Sandhill Cranes dancingTues., March 11 The Spectacle of “Crane Rise” on the Platte River
In the early morning hours we experience our first “crane rise” as the “gray sandbar islands” of the Platte River turn into clouds of Sandhill cranes leaving their roost sites. Pre-dawn crane music turns into a crescendo of wake-up calls as the cranes awaken andleave their riverine roost sites.  We have reserved blinds at Audubon’s Rowe Sanctuaryfor prime views of the cranes in areas along the river’s edge. With an expert crane naturalist from Audubon, we will experience the almost deafening chorus and clamor of tens of thousands of cranes taking flight toward the cornfields and prairies where they will forage during the day. After watching this exciting spectacle, we take Platte River Cranestime to view the displays at the sanctuary and to watch birds at the feeders: Harris, White-crowned and White-throated Sparrows, White-breasted Nuthatches, and possibly Red-bellied Woodpeckers.  We also may find Green-winged Teal or some early migrating shorebirds feeding on the river’s mudflats.  The remainder of the morning we spend viewing more crane activity in the fields, returning to Kearney for a lunch in town.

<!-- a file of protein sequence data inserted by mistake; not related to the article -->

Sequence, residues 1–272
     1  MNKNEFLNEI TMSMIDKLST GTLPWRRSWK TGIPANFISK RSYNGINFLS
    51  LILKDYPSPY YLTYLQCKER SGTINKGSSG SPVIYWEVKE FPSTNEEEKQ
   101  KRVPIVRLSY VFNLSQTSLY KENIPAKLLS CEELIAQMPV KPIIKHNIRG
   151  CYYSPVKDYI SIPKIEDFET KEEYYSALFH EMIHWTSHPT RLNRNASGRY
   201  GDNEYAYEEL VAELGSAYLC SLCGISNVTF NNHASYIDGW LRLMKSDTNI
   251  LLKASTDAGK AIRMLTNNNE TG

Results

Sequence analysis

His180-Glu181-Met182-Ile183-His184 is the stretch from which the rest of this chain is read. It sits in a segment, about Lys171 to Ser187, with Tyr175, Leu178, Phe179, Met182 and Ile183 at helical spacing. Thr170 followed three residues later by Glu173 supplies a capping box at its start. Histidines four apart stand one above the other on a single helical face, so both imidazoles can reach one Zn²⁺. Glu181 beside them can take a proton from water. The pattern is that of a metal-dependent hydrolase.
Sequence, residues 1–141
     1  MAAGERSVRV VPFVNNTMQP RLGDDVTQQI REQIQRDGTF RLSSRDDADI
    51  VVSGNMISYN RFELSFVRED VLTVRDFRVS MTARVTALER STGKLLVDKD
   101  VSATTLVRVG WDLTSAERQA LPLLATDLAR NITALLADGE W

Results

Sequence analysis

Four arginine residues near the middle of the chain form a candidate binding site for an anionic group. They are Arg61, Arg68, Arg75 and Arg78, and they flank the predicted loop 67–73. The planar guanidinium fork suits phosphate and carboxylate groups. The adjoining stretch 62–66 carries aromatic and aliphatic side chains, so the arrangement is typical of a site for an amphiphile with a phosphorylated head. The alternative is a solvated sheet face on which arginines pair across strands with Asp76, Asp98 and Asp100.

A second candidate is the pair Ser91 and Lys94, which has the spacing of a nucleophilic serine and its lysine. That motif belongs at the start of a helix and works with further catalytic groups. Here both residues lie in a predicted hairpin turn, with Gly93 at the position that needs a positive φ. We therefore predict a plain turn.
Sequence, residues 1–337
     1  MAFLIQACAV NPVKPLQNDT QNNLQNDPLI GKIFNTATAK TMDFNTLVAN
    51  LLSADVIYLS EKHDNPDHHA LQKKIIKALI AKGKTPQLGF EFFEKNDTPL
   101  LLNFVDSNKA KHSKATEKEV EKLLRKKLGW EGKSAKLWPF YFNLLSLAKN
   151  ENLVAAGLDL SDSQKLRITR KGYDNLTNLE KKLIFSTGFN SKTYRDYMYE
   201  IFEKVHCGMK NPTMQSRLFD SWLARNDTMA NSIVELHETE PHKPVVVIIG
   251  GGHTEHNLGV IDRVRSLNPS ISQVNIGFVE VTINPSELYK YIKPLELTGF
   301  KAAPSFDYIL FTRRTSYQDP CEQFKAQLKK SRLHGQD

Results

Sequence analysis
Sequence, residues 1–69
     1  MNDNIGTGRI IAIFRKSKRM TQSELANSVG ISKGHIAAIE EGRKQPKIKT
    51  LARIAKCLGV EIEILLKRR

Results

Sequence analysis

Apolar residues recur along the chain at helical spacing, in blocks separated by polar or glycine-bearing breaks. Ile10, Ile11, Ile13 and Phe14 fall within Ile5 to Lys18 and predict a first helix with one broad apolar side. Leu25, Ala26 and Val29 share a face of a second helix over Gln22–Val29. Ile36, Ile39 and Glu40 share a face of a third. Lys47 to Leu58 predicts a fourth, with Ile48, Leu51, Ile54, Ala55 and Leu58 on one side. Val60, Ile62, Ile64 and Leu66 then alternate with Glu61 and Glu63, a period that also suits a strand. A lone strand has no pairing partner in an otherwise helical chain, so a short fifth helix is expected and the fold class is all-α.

In the afternoon we visit historic Fort Kearny to learn more about the pioneers of the Oregon and Mormon Trails. In trees near the fort we look for wintering and resident passerine birds such as Cedar Waxwings, Northern Cardinals, and Blue Jays, Platte River Craneswhile keeping an eye out along the river for the majestic Bald Eagles that frequent the Platte.

Tonight you can choose to relax and savor the spectacle of this morning, or die-hard crane fans can venture back out at sunset to watch the cranes come in to roost from the vantage point of a nearby bridge over the river.  Those going back out can catch something to eat quickly and close to the hotel.  Those at leisure can enjoy dinner at a local steakhouse or another restaurant in Kearney.  The restaurant near our hotel will even deliver your meal to go, if you wish to tuck in after a full day.
Accommodations at the Holiday Inn Express, Kearney (B,L)